I guess you could call Glenn Head a third generation underground comix artist. His comics seem to belong to that lineage even if he started working in the 80s.
Avenue D collects various bits and pieces into a 48 page magazine sized single author anthology. About half the pieces are autobiographical (although Head uses the name “Chester” for himself), and we’re treated with a number of anecdotes and stories from his drunken, druggier days. Here he meets Muhammad Ali randomly on the streets, a scene that Head also included in his recent (and very well-received) Chicago book.
There’s a lot of stories about drinking too much. It starts to feel somewhat boastful after a while, but they’re interesting.
The other half of the stories are violent anthropomorphic tales of depravity. Here we see somebody doing something that Borderlinx certainly wouldn’t approve of!
There’s a certain element of going over the same stories again and again, like when Head moved into a place above a topless bar in Brooklyn. Here we have the scene from Avenue D…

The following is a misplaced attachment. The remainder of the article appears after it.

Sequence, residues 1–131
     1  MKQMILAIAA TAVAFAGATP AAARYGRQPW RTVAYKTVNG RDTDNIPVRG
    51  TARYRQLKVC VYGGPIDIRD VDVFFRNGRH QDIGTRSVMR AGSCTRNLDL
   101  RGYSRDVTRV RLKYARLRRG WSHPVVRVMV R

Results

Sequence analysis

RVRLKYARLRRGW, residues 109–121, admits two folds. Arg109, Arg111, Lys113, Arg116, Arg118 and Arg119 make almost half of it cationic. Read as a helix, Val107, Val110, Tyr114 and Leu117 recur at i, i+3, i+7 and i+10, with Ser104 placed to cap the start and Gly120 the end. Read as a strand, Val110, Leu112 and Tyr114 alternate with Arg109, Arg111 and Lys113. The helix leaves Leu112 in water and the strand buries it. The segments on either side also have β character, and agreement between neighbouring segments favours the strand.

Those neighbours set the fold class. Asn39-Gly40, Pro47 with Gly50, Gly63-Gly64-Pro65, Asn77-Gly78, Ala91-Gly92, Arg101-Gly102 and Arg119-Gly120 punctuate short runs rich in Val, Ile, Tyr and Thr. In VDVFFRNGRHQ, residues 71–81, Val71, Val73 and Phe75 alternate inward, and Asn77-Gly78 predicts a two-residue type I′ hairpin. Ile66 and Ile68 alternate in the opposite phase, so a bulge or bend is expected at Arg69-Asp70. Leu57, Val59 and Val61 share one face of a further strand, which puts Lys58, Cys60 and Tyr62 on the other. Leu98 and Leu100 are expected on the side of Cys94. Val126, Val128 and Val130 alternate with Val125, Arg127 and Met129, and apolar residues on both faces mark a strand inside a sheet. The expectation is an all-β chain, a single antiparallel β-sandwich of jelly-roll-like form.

… and here it’s from Guttersnipe, his short-lived series from the mid-90s. It’s a really good story though, so the temptation to tell it twice is understandable.
Guttersnipe is wilder graphically than Avenue D was. I think perhaps a great deal of Kim Deitch has crept into his layouts? Lots of chaos on almost every page.
Head really likes characterising himself as a slightly dangerous guy, but he also deflates himself a lot, so it’s not too eyeball-roll-inducing.
As mentioned earlier, Head published his first larger book recently, and it was well received. I thought it was fine, myself, but I found the reception slightly puzzling. “A Titillating, Brutal Comics Memoir” warbled Vulture, as if they hadn’t read any underground comics before… In the book, Head depicts himself going to Chicago and almost (almost) sleeping on the street one night before somebody took him in.
It’s just not all that brutal.
This post is part of the Fantagraphics Floppies series.